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Christmas Holiday (Robert Siodmak, 1944)
A sharp departure into salacious territory for sugar-and-spice star Deanna Durbin, Robert Siodmak’s Christmas Holiday is an unexpected film noir that served as a major career detour for a lead actress known exclusively to that point for innocuous musical confections. Though relatively inoffensive by today’s standards, watching it with some knowledge of Durbin’s usual studio output still provides something of a shock. That Gene Kelly, most remembered today for his effervescent musicals, plays her sleazy playboy husband only increases the amount of cognitive dissonance that this oddball movie generates.
Scripted by Herman Mankiewicz, Christmas Holiday is also noteworthy as a respectable, pioneering entry in the subgenre of thrillers that are largely set to music (other notable entries would include Preston Stuges’ Unfaithfully Yours, Clint Eastwood’s Play Misty for Me, and Anthony Minghella’s The Talented Mr. Ripley). Presumably configured as a partial musical to satisfy Durbin and Kelly’s fans, the movie relays large swaths of its story while its characters attend musical performances in sleazy nightclubs, stately concert halls, and ornate churches. The use of Wagner to underscore the central romance amplifies the thematic ambition of this melodrama. Opera justifies the film’s alarmist, broad-ranging perspective, which sees around it a corrupt world afflicted with rapidly decaying values.
As is entirely appropriate for a film noir, the movie has a dour attitude toward the possibilities of love and romance. The opening minutes of the film feature a lovelorn soldier who’s about to return to his girlfriend while on leave. As he is bragging about his intentions to propose to her, he receives a telegram, informing him that she has already wed another man. Shaken, but undeterred, he resolves to visit her anyway, but is waylaid by inclement weather, and directed to a seedy nightclub, which might also be a brothel. It’s there that the movie drops its first bomb: America’s sweetheart Durbin, looking a bit used up by the world, is singing a torch song in the nightclub, and sporting a revealing dress. Even if Durbin doesn’t look sexy enough to sell the effect wholesale, her presence in this context enhances the noir atmosphere, relaying a certain wrongness about the entire milieu. From this point, she begins to relay to the soldier how she became the fallen woman he sees before himself. Through a complex series of flashbacks, we see how she, and America, went wrong.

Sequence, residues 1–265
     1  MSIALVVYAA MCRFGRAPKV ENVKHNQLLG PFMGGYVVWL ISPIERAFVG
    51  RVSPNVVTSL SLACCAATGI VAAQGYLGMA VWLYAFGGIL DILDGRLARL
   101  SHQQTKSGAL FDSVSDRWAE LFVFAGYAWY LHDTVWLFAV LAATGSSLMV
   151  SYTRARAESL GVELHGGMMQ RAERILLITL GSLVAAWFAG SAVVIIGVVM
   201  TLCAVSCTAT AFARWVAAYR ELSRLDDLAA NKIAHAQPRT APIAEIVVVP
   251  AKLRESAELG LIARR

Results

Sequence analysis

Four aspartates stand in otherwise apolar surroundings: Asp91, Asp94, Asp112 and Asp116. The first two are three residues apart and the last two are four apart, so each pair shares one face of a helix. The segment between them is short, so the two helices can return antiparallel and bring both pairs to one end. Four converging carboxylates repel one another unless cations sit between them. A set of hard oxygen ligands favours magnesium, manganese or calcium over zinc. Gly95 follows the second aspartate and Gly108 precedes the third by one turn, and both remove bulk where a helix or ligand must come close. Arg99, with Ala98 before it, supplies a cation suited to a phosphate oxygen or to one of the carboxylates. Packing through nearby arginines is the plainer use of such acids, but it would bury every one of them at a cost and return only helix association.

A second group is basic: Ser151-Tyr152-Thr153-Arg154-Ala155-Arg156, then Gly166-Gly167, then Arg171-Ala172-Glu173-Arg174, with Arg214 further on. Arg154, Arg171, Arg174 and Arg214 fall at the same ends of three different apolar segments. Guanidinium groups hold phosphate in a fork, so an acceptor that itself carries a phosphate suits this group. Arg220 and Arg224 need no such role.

This is the stuff of classic film noir. The protagonist, returning from war, discovers that the country that he defended a place that might not have been worth saving. As Christmas Holiday continues, it goes further and further in suggesting that the moral fiber of the nation has been seriously disturbed. Alluding to more than it might actually show on screen, the film spares the audience from its most sordid details, but still manages to unsettle with intimations of incest and corruption. Even in its bowdlerized state (Durbin’s character was a prostitute in the source novel), Christmas Holiday manages to upend much of the idealization that comes to mind when considering the post-war era.